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The rule that got the Canucks a $50,000 fine just got changed

Because of course it did.
Rick Tocchet talks to Elias Pettersson and Andrei Kuzmenko during a Vancouver Canucks practice.

When several Canucks players took to the ice in April for some extra training time with Daniel and Henrik Sedin, including Dakota Joshua and Jack Studnicka, it seemed innocuous enough.

There was just one problem: it violated the Collective Bargaining Agreement (CBA) between the NHL and the NHLPA, netting the Canucks a $50,000 fine. Team coaches and staff are not permitted to have on-ice sessions with players during the offseason outside of prescribed training camps.

"Prohibited Off-Season Activities. Clubs are not permitted to have Club Coaching or Hockey Operations personnel (e.g., coaches, skating instructors, other Club employees, contracted service providers, etc.) participate in any on-ice sessions with Players," reads the expanded rule 15.11 from the Memorandum of Understanding that amended the CBA coming back from the COVID-19 stoppage.

This is in place to prevent teams from making unreasonable demands of their players' time. The players, through the NHLPA, have negotiated for the off-season months to be their time off and teams, just like any boss, can't require the players to work during their time off. Even something as beneficial as extra ice time with the Sedins could be subtly twisted into a requirement — "If you don't want to take part in this training session, I guess you're not serious about making the team," a coach might say, for instance.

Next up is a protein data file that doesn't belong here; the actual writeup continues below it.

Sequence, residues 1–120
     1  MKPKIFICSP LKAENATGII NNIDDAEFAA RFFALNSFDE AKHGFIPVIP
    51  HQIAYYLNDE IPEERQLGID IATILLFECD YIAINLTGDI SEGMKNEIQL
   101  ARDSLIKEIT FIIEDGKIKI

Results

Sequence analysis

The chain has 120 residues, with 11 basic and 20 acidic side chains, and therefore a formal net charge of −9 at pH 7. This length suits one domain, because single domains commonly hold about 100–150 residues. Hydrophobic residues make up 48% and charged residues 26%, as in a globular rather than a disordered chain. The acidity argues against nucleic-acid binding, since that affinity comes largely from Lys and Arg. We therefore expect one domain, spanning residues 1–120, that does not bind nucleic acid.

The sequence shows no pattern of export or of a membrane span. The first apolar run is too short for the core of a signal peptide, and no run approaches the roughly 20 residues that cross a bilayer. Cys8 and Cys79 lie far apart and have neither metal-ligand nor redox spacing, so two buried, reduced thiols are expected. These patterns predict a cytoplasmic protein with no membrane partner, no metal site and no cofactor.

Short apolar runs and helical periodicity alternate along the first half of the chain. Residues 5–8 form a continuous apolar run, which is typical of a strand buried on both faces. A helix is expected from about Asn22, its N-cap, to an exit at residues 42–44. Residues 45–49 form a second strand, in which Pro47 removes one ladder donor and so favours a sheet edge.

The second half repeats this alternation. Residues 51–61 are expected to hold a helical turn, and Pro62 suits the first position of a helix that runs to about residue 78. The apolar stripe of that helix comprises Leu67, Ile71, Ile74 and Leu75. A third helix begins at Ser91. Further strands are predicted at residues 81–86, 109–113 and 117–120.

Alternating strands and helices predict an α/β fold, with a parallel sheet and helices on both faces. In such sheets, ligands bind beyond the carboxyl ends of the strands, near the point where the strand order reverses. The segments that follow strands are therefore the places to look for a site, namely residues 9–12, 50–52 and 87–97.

So, even though the rule might seem unnecessary, there's a reason it exists.

Only, now they've changed the rule.

In response to the Canucks' fine, the NHL and NHLPA have agreed on a trial of a new policy that would allow players to request sessions with a skills coach employed by the team this off-season. In order to still protect the players from having the team control their off-season time, players have to request those on-ice sessions through the NHLPA.

It seems like a reasonable solution for players who want to continue to receive coaching from familiar faces through the summer, as well as make things a little bit easier for those players lower on the rungs who don't have multi-million dollar deals that leave plenty of money available to pay for top-tier private coaching. 

Having it restricted to a single skills coach prevents the possibility of this policy leading to full-fledged off-season training camps, but instead just one-on-one sessions.

The trial of this new rule doesn't mean the Canucks' $50,000 fine has been rescinded, however. Even if the Canucks' training sessions sparked this revised policy, they still broke the rules and why would the NHL retroactively change the rules for the Canucks' benefit? They only do that when it hurts the Canucks, not when it helps them. 

This does benefit the Canucks players who are sticking around Vancouver for their off-season training, however, as they can potentially get more use out of the Canucks' facilities and coaching staff prior to next season.